The first SMS is 25 years old
Merry Christmas» were the first words that were sent through a computer; then this messaging service became popular among mobiles worldwide
December 3, 1992 is a date that marked a before and after in world telecommunications. That day, for the first time, a text SMS was sent and contained only two words "Merry Christmas" ("Merry Christmas" in English).
The creator of this way of communicating that revolutionized telecommunications was Neil Papworth , a 22-year-old software programmer, who sent these 15 characters from a PC to his colleague Richard Jarvis .
Papworth had worked as a developer to create a short message service (SMS) for Vodafone. A year later, in 1993, Nokia introduced SMS functionality with a distinctive sound to signal incoming messages.
"In 1992, I had no idea how popular text messages would become, and that these would lead to the 'emojis' and messaging services used by millions of people around the world. the importance of that first Christmas message in the mobile story, "says Papworth.
At first, text messages had a limit of 160 characters. The first users invented new forms of expression such as "LOL" to "laugh out loud" and emoticons, symbols made with keyboard characters to show emotions. These abbreviations would later inspire the creation of the first 'emojis'.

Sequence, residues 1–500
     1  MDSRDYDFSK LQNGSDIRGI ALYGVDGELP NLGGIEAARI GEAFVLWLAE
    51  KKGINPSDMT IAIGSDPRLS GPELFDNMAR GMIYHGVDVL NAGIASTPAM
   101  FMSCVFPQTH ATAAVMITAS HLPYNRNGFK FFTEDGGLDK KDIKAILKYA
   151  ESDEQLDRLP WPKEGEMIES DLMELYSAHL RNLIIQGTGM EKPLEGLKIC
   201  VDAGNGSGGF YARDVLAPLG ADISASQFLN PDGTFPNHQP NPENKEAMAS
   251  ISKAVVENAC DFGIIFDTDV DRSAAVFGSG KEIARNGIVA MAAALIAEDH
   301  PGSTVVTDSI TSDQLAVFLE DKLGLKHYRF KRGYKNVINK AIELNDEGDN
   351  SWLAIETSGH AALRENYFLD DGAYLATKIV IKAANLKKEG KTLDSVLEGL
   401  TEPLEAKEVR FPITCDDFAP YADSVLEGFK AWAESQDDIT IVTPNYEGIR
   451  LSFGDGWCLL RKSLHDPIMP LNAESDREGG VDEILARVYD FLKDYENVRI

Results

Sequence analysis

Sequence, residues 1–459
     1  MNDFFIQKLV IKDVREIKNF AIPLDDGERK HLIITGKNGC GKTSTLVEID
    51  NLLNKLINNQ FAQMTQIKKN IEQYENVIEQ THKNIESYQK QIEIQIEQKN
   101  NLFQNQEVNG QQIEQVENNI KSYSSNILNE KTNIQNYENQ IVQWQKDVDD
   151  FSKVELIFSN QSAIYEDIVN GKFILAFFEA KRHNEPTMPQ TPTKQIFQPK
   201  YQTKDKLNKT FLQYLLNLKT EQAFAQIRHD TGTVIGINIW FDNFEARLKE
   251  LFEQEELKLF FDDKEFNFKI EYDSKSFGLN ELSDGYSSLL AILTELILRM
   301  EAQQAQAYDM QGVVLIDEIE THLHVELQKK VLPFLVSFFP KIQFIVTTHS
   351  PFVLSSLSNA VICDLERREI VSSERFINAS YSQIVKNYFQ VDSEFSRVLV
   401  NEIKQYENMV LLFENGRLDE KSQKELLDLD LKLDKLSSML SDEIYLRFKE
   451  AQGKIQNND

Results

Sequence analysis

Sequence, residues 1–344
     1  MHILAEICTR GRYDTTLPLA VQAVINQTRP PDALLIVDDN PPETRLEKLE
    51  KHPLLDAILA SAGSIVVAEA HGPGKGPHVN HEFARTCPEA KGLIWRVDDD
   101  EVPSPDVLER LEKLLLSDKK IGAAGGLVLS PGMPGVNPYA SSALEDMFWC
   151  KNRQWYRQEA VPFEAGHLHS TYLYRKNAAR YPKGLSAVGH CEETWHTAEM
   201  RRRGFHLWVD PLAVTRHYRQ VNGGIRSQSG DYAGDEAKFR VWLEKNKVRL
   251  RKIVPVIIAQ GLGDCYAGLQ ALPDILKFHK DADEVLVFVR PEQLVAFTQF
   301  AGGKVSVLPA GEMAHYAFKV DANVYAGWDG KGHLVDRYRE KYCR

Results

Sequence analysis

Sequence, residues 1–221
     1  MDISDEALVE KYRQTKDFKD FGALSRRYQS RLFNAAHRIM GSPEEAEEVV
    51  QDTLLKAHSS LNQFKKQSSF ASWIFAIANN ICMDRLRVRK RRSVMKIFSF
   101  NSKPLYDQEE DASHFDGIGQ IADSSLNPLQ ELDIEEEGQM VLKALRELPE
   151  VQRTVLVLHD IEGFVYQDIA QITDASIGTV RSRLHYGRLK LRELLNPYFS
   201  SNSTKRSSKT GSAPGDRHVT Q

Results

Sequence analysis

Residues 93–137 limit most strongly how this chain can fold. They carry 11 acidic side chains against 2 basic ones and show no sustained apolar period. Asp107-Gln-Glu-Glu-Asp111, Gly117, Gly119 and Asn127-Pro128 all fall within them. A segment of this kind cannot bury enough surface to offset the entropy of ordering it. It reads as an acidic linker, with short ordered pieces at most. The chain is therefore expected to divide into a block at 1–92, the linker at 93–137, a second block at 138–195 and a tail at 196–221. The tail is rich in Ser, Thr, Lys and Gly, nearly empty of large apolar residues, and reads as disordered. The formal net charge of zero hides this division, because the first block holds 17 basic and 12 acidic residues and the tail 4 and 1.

In 1999, seven years after the first SMS message from Neil Papworth, the texts could finally be exchanged across multiple networks, prompting their rapid adoption. 25 years later, SMS continues to show strength in some countries such as Canada, the United States or France, according to the GSME Intelligence GMEI 2017 study.
In Spain, text messages have been displaced by WhatsApp and other instant messaging services. Although the telecommunications companies promote rates that include the sending of unlimited SMS.
According to data from the National Commission of Markets and Competition (CNMC), Spain is at the tail of Europe in terms of sending SMS, with 6% of the population that says using text messages as a form of communication, compared to 75% in Ireland or Denmark, according to Eurobarometer 2016 data.